Inert Detritus The Internet's dust bunnies

Posted
8 August 2009 @ 11pm

Obsessive Completionism

I feel compelled to consume every last bit produced in certain digital domains. Twitter users and RSS feeds are my latest vices; before that, it was Twitter and podcasts, and before that, it was podcasts and issues of The Economist. And every yeah, the SxSW showcasing artists torrents interrupts my music listening as I slowly go through it.

I’m not sure where this drive comes from. I suspect it lies in an irrational extrapolation, a strange assumption about quality of content: all past and future content will be as valuable, funny, or interesting as what I’ve thus far consumed.

Over the past three years, I’ve slowly advanced through different stages of dealing with this. Initially, I simply threw time at the problem, dedicating more and more time to reading in order to stay “caught up”. Next, I reluctantly pared back sources, as a lack of time or energy forced me to choose between selective permanent bankruptcy (unsubscribing) or wide-spread temporary bankruptcy (mark all as read). For whatever reason, I was more comfortable making an unsubscribe decision than a mark-all-as-read decision, possibly because it was easier to make a permanent judgment on a single site, relegating them to the dustbin, rather than tossing out perfectly good news items simply because their date of publishing fell on the wrong week. RSS examples are easiest: the first sites to go were the high noise, high volume, low signal feeds like Digg, Boing Boing, and Slashdot.

As I got my RSS problems under control, Twitter picked up steam, and I began following more and more people. I’ve now gone through two Twitter purges, each of them only cutting back from around 300 following to 250. I find it difficult to drop people one at a time, but like spring cleaning, the sheer momentum of the first few unfollows puts me into a much more objective mood. Twitter’s new following list UI makes this much, much easier, showing you the person’s last tweet: this often reminds you of just why you’d been meaning to unfollow them.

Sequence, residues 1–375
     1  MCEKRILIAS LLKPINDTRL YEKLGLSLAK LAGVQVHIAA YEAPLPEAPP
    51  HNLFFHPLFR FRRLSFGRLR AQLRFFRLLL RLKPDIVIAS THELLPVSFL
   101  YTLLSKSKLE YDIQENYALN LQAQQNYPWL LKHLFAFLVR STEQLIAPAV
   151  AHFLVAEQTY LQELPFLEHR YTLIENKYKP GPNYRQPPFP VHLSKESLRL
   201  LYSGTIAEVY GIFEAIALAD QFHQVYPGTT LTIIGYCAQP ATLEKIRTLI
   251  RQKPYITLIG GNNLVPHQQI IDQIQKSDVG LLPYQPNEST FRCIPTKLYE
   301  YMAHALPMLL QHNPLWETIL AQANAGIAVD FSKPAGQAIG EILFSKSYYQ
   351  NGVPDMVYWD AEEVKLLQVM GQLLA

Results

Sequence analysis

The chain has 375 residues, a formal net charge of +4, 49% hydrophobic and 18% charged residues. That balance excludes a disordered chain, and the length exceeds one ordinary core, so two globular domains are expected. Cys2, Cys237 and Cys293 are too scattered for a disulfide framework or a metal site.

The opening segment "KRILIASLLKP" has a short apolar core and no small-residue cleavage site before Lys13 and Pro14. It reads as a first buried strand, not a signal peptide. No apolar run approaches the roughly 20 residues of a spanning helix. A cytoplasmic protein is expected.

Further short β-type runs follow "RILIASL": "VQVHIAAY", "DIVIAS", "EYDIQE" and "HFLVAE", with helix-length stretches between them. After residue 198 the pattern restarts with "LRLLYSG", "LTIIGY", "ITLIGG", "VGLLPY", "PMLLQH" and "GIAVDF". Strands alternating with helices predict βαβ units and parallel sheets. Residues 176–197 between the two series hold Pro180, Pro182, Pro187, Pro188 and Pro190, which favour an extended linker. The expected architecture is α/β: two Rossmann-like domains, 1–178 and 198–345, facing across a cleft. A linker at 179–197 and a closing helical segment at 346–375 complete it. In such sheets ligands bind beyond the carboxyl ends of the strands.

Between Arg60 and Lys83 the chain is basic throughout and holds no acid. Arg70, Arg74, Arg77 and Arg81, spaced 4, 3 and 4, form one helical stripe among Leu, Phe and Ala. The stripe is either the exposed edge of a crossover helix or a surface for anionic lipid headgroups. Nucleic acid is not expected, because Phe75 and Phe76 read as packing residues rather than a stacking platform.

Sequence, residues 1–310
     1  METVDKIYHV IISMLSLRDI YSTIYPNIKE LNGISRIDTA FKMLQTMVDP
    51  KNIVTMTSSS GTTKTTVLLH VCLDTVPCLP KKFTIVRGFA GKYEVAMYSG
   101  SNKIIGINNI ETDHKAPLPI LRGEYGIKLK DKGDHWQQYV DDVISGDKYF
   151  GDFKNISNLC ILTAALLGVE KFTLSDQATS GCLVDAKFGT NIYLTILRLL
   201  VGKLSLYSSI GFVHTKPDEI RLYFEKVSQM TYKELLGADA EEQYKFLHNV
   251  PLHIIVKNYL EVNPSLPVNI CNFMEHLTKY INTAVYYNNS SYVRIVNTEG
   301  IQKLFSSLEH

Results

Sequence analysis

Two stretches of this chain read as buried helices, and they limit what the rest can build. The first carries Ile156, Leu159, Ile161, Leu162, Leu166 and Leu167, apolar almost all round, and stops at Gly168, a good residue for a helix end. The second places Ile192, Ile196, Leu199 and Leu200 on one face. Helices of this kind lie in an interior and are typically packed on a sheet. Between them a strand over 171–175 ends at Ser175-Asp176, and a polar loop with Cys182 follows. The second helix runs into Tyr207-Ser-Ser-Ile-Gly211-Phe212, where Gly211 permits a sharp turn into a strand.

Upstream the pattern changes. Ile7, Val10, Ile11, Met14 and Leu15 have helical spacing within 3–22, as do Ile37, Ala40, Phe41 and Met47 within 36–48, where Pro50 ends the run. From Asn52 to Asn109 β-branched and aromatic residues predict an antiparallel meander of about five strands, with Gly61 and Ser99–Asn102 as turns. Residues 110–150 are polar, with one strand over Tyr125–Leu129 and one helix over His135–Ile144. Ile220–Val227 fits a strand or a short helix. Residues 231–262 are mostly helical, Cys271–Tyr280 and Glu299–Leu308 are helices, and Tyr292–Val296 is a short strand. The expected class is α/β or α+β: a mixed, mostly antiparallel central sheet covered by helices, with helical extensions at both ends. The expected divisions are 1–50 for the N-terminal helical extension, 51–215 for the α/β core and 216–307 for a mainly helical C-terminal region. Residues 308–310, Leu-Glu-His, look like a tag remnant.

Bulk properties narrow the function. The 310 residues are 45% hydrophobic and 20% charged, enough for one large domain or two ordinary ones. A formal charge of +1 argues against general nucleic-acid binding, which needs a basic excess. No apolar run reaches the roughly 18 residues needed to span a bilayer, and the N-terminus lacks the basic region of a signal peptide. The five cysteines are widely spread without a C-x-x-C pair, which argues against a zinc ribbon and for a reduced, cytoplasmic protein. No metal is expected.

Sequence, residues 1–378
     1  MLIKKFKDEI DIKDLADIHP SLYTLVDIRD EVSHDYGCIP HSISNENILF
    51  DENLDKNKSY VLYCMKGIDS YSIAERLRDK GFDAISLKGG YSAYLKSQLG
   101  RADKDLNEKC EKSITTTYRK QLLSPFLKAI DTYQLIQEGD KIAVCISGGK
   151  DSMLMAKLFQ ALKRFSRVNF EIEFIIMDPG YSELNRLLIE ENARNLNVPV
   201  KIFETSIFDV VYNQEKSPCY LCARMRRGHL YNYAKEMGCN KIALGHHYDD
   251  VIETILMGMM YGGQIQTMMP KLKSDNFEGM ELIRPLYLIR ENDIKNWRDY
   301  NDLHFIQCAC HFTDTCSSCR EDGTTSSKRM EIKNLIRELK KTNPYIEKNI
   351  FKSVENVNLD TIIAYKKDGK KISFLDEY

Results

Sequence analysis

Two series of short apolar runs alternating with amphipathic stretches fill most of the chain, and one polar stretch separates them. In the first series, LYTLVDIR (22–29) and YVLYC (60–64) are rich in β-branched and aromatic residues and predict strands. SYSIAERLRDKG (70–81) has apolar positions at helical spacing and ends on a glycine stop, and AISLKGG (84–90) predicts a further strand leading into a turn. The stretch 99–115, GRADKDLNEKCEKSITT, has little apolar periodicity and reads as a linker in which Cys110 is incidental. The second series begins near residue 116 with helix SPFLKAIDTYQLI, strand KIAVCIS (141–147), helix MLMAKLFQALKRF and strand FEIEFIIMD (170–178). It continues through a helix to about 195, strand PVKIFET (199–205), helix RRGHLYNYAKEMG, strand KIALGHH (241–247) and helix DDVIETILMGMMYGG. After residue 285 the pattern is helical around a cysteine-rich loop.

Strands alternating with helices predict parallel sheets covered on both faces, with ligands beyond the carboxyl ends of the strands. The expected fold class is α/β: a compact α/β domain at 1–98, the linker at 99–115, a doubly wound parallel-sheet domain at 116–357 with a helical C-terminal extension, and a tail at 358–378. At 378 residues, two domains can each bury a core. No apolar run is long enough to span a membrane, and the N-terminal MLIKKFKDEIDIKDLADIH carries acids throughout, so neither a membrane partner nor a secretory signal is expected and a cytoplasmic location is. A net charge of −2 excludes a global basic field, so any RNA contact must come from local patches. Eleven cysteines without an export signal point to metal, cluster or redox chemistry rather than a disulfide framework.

Lately, RSS has been easier to make these decisions with, and, ironically, I’ve found that stepping away for a few days and taking a look at your aggregator makes this exercise easier. Don’t read anything for a week; sort your feeds by most to least unread items, and ask, “Do I really need to read all 300 items? How many good links or articles will be in there? 3? 30? 150?”

The most important thing I’ve learned about this “obsessive completionism” is to know that it’s going on: it forces tough decisions about feed sources much sooner, since you know that the volume will eventually be overwhelming.


4 Comments

Posted by
Allen Pike
8 August 2009 @ 11pm

Twitter’s unsubscribe interface will always be sorely lacking until can show “Tweets per day” the way Google Reader can show “Updates per day”. High-volume publishers are rarely low-noise in any medium.


Posted by
Steven Fisher
9 August 2009 @ 8am

If you’re treating Twitter as a mailing list, you really are using it wrong. And if your particular disorders (we all have them) require that, you’d probably be happier not using it. Anything else is just mitigation.


Posted by
Christopher Bowns
9 August 2009 @ 10am

Allen: my long-standing wish (and one that, given enough free time, I’d probably write myself) is a utility that shows you your following list, sorted by tweets per 24 hours over the last month. I’m willing to guess it’s one of those “30 of your 300 following constitute 50% of your daily Twitter feed”.

Steven: *shrug* I mean, sure, “I’m doing it wrong,” but I’ve been doing it wrong since December 2007, so I’d say it’s working for me so far. There are a lot of people that, quite simply, I do want to see all the tweets from; those that I don’t, I eventually drop.


Posted by
Steven Fisher
9 August 2009 @ 10am

Christopher, I think what I was really trying to say is if something has you running at an 8/10 stress level, it isn’t worth using. And if you’re really that close to figuring out who you need to drop on any particular day, I think it’s probably more stress for you than it’s worth.

Of course, if you’re still enjoying it, go ahead. It’s just a thought. :)